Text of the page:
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“I think people’s first read of this is that it is hard to know how or when they would be in compliance even if they make a good faith effort,” Halataei said. The industry council has not yet taken a public stance on the proposal.
“We support the bill’s stated goals — providing additional enforcement tools to combat foreign ‘rogue’ websites that are dedicated to copyright infringement or counterfeiting,” the Internet companies wrote in Tuesday’s letter. “Unfortunately, the bills as drafted would expose law-abiding U.S. Internet and technology companies to new uncertain liabilities, private rights of action and technology mandates that would require monitoring of websites.”
A spokesman for the chamber declined to comment on the letter because it involved members who oppose the chamber’s official position.
“It is great that everyone agrees that rogue sites have no place in a legitimate online marketplace,” said Steve Tepp, chief intellectual property counsel for the U.S. Chamber of Commerce.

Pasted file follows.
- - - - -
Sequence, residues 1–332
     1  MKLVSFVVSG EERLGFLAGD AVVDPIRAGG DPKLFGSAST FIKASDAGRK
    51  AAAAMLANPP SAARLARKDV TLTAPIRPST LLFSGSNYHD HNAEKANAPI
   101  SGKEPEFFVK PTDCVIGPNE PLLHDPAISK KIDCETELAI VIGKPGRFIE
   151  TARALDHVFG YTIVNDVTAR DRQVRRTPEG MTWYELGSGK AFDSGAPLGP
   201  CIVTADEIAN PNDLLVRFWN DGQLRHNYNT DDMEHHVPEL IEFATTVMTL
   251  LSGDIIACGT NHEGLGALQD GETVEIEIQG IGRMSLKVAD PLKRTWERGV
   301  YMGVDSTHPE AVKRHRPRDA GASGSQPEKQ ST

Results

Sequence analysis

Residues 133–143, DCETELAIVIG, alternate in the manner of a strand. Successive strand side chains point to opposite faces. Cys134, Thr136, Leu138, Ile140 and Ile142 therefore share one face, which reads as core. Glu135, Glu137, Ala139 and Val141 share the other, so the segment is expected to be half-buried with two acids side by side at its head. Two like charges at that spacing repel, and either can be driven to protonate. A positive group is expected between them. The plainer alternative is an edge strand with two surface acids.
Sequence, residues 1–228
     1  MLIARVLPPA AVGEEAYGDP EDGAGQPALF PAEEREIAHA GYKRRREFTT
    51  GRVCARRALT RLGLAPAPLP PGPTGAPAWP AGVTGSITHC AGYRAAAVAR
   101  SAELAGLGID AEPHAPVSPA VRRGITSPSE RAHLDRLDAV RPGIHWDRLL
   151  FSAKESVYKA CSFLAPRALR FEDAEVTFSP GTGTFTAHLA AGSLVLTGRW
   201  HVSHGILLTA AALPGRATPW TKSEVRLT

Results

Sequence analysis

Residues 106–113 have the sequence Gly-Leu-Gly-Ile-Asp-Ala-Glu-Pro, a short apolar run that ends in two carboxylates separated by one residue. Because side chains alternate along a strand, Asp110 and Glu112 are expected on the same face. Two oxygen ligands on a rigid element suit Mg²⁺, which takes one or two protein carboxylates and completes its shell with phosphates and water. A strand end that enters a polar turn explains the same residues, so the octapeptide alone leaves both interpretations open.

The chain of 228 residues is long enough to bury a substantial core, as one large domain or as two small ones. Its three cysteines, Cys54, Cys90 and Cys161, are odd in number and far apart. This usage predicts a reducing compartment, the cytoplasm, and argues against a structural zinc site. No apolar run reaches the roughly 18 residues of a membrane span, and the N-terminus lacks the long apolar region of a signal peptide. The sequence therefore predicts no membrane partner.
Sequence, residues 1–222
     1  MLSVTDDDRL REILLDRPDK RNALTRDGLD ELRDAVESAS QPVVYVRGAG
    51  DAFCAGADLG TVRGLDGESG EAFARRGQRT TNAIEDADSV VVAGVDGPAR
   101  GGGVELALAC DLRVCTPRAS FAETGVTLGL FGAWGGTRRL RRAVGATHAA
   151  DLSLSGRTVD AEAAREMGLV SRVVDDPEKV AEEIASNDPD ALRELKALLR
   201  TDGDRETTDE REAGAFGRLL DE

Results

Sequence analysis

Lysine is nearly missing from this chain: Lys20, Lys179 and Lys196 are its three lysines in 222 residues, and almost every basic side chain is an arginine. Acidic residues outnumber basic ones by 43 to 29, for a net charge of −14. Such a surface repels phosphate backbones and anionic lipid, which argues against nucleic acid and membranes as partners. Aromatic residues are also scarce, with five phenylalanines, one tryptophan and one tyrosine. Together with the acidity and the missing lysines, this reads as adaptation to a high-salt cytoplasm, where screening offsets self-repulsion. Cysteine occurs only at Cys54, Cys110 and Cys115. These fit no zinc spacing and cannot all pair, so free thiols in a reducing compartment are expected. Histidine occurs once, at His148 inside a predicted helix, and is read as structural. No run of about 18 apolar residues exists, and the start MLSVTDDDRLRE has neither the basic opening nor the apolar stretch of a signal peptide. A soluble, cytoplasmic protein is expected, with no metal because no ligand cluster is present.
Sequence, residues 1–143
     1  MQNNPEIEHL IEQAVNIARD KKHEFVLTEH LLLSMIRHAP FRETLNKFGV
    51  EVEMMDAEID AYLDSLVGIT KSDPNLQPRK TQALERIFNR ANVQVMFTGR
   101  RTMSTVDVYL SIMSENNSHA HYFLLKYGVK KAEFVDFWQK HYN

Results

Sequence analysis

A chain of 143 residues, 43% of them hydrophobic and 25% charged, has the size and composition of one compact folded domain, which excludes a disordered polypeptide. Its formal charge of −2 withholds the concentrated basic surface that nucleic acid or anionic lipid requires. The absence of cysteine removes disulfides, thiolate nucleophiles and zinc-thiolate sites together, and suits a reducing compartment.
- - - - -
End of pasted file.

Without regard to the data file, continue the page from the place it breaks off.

The chamber-led coalition in support of the bill includes Walmart, Eli Lilly & Co. and Netflix. Google and other opponents of the legislation argue that restricting the Internet in the U.S. sets a bad international precedent and that the language defines infringing too broadly. Other opponents, including Sen. Ron Wyden (D-Ore.), who has put a hold on the bill, argue that it will restrain online commerce and that it is the first step to censoring the Web.
Sources familiar with the state of play said the Senate could take up the proposal sometime after Thanksgiving. Google executives are set to testify before the House Judiciary Committee in a hearing addressing the House proposal today, but the politics are tough with two major California constituencies — Hollywood and Silicon Valley — facing off.comments powered by Disqus